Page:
Mesothelioma News: January 2016

Posted on Monday, October 24th, 2016 at 10:23 am    

Mesothelioma News: January 2016

The Mesothelioma News series will highlight significant events that took place in 2016 in respect of mesothelioma.

Furthering Asbestos Claims Transparency (FACT) Act

During week one of January 2016, the U. S House of Representatives approved law which included the Furthering Asbestos Claims Transparency (FACT) Act. The Act set out stiffer requirements for asbestos exposure victims who were seeking compensation through the legal system. There have been two other attempts passed through the House of Representatives. While this Act was the first of its kind to be attached to the Fairness in Class Action Litigation Act (also known as the H.R. 1927).

Furthering Asbestos Claims Transparency (FACT) Act – Requirements

Most noteworthy is how the law put a burden on asbestos exposure victims to provide more personal information in respect of their claim. While the additional information would not be hard to provide, the Act requires that this information be made public. Some of this information includes:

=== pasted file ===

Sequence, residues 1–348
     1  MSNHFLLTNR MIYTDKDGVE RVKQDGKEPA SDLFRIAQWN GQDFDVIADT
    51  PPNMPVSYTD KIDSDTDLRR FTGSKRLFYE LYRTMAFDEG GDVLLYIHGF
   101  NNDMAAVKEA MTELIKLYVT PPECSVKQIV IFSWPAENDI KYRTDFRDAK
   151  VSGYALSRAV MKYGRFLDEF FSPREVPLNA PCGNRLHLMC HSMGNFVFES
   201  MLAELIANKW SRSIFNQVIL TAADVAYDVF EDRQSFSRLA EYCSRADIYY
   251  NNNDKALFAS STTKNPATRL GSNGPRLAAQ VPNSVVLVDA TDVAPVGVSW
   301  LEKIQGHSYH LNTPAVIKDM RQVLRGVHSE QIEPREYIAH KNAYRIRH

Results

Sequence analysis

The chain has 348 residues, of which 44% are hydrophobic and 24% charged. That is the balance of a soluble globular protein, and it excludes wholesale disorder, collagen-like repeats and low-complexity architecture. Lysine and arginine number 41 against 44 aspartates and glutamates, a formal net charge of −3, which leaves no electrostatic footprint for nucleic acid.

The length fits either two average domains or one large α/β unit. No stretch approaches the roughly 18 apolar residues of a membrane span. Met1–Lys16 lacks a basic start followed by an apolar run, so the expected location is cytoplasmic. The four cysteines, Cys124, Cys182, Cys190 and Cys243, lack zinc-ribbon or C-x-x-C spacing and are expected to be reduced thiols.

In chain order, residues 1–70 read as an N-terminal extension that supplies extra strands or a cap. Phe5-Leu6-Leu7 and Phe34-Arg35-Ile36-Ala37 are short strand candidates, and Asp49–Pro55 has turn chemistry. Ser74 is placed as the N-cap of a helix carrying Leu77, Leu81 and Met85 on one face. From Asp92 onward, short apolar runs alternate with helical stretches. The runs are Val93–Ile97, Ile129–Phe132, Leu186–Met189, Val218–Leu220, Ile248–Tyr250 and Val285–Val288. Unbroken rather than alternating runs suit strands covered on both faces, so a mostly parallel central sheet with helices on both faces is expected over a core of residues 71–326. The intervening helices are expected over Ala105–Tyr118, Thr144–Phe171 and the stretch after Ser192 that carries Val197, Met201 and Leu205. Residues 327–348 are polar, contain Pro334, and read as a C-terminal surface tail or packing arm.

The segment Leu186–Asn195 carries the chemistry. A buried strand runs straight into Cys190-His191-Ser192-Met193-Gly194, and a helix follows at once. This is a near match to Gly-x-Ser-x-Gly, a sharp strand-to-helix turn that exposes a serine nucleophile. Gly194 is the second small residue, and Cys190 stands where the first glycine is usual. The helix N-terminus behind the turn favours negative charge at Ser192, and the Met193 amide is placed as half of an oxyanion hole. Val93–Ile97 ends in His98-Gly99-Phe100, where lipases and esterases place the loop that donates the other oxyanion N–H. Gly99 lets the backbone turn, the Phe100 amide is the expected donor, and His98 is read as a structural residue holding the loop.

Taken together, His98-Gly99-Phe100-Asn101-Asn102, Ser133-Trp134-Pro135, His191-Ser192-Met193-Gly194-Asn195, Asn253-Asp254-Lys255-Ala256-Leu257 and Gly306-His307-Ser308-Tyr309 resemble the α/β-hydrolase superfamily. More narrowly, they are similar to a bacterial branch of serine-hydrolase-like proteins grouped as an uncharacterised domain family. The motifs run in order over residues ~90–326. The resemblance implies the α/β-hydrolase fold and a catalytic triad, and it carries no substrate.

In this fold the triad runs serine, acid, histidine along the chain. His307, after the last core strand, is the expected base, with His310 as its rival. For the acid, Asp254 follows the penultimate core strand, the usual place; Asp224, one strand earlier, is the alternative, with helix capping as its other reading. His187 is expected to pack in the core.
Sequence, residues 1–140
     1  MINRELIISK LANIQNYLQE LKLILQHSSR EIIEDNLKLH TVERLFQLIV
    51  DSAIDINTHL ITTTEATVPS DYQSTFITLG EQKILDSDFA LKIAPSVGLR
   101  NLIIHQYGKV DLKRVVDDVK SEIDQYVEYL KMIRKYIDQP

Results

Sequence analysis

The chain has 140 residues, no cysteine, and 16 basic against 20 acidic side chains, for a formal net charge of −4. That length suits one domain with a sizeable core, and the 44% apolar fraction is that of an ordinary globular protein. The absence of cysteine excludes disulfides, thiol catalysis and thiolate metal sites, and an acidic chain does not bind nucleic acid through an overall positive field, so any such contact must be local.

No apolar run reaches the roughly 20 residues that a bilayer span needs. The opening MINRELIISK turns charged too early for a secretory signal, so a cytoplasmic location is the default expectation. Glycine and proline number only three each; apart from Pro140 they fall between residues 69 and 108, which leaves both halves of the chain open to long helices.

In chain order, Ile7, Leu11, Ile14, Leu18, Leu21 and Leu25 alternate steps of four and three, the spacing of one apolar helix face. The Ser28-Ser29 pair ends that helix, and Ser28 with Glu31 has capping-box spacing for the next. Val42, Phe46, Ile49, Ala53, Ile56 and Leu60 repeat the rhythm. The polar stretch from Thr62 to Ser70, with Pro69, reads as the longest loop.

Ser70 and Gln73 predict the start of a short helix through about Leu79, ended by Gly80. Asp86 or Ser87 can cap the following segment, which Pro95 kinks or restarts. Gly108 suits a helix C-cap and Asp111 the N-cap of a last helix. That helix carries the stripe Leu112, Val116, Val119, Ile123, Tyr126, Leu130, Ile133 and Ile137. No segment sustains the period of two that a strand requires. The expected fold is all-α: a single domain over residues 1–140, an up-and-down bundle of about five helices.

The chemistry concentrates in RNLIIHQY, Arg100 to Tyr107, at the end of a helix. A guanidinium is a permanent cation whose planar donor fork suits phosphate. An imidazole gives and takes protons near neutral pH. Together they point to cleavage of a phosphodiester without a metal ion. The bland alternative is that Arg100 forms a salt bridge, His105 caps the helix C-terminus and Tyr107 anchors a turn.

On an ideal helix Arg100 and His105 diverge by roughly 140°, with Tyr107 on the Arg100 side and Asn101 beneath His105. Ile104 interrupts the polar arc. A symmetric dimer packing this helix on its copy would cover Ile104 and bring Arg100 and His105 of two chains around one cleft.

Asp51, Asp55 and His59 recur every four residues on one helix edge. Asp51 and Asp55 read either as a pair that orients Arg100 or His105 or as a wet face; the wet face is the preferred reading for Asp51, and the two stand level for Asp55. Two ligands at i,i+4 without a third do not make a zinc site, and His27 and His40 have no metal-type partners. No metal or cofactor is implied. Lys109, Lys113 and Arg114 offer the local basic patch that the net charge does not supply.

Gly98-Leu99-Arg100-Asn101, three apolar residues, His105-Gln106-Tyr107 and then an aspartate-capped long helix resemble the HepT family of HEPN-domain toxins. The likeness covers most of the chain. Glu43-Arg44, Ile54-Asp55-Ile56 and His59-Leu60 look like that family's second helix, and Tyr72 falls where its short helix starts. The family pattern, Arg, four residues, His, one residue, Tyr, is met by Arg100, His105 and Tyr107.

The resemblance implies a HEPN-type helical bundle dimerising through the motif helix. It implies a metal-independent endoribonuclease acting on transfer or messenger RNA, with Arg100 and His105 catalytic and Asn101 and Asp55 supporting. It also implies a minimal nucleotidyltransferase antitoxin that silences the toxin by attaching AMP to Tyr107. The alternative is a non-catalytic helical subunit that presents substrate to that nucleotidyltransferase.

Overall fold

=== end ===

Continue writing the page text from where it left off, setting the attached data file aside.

• Work history
  • Asbestos exposure history
  • The basis for compensation
  • Personal data including part of their Social Security numbers

Supporters of the asbestos exposure victims voiced their disapproval of the FACT Act. They felt that the Act exposed victims to identity theft and scam artists by publicizing the victim’s personal information. Therefore making them victims of such crimes. Furthermore, supporters believed the Act would add delays in the already delayed compensation process. Rather, the current process was said to arrive too late for seriously ill victims.

Supporters of the FACT Act felt that the Act was made to protect the trust funds from fraudulent claims. Most of all, they felt that the Act was designed as a protection from claimants whose claim amounts were inflated.

By January 13, 2016 the FACT Act had moved to the U. S Senate and was measured as having an eleven percent (11%) chance of enactment. It was noted that this was to be the first time such an Act had been moved to the Senate where the majority were Republicans.

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